A waste environment; The new normal.
The skeletal insect, colonises the post-apocalyptic landscape, creating its new world order.
The insect embodies the living dead, a ghostly shell of its former self. It is constructed by the meaning of and process behind the ‘burn out’–the remnant form after plant matter is asphyxiated in clay and incinerated. Hollow but uncomfortably resilient, they simultaneously evoke traces of life and loss.
The sculpture offers only the slightest sense of humanity as the cause of the environmental destruction, offering none of the surfaces expected of the ceramic arts. And certainly, no forms fashioned smooth by worn fingers. In erasing the efforts of the creator, the forms are escalated to their own existence.
The dripping glaze shows the aftermath of human-made devastation. Illustrating the disfigurement of the natural world. The decimated landscape form juxtaposed with the constructed Insecta thrusts the viewer into a dystopian world. Consequently, the sculpture challenges the anthropocentric view, depicting ‘the rest’ as the sole survivor of our inevitable environmental demise.
Mahala Hill is a contemporary ceramic artist based in regional NSW, striving to push both the limits and the pre-conceived notions of her medium. Hill’s practice is discursive in nature, material exploration leads to ideas and extends her conceptual intent and brings to the foreground further questions or conundrums for exploration. Recently Mahala has been exploring curiosity, wonder, beauty, death, the apocalypse and how by using these motifs she can raise awareness of pressing environmental issues.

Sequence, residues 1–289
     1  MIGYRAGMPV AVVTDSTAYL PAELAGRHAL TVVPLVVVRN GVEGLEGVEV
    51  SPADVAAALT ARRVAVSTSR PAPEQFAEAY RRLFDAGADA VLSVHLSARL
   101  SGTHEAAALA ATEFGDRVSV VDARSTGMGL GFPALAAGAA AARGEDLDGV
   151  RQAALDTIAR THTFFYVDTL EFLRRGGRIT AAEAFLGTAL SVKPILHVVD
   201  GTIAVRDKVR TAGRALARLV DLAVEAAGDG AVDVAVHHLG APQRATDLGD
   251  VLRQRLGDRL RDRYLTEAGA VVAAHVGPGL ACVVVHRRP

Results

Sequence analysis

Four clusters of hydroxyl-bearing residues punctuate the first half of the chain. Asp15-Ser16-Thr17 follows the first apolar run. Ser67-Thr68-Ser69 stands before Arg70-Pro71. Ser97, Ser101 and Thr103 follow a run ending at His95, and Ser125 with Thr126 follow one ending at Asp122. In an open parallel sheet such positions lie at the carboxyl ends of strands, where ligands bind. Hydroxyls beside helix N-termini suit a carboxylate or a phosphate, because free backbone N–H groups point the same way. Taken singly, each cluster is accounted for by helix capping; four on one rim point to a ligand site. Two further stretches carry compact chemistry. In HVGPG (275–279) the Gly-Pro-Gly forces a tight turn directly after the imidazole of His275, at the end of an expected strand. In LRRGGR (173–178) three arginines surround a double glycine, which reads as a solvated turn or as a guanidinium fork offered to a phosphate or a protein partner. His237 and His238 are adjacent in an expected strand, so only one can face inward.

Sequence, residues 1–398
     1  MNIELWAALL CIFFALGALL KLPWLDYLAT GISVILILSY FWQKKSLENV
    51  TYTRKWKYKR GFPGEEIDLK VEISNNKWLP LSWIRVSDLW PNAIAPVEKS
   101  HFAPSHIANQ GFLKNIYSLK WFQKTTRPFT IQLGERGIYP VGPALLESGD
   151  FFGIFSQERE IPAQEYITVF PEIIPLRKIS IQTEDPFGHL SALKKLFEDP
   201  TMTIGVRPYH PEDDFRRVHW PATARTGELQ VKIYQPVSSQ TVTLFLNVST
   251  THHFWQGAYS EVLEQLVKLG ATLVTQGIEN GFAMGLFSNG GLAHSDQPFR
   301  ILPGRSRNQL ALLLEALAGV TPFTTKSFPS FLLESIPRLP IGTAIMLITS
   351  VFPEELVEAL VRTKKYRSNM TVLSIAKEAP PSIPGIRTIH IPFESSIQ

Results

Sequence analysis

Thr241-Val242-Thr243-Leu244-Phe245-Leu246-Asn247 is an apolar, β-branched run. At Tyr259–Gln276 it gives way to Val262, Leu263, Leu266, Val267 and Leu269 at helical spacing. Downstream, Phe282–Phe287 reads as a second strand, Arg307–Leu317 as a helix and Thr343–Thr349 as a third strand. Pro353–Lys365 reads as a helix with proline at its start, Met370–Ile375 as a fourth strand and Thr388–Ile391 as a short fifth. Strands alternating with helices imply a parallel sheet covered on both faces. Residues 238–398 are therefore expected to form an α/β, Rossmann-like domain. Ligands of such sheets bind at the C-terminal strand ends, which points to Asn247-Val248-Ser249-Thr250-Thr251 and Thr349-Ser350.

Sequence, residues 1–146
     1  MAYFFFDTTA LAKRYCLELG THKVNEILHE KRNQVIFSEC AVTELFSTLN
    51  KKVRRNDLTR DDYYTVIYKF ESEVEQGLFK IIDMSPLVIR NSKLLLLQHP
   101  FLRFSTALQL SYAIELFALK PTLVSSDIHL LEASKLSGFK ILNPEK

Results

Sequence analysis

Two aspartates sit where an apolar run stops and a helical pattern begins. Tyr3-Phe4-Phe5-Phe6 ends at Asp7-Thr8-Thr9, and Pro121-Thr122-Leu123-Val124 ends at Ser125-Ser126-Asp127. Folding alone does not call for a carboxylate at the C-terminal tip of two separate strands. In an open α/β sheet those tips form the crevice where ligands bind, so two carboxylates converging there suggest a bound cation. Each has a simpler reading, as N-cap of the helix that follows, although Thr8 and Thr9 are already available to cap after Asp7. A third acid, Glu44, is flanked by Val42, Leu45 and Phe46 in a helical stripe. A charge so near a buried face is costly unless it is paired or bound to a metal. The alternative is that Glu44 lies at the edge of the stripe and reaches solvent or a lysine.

Hill’s practice has been centred around the process of the ‘burn out’. A ‘burn out’ is the remnant shell-like form that emerges from inside a layer of liquid clay after the combustible organic plant material has incinerated. The residual matter is a ghostly, shell-like phantom form or ‘burnt out’ spectre, simultaneously evoking traces of a life and a loss. This process of directly creating a brittle clay form from transformed organic matter is a crucial element underpinning Hill’s exploration of what has happened and what is currently happening to the environment.
Mahala has exhibited widely within Australia in both group and solo settings. Her work is held in several public collections including City of Townsville Art Collection, Macquarie Group Collection, The ACT Legislative Assembly Art Collection and private collections within Australia and Singapore. In 2020 Mahala was awarded City of Townsville Art Collection Award and the Macquarie Group Emerging Artist Prize.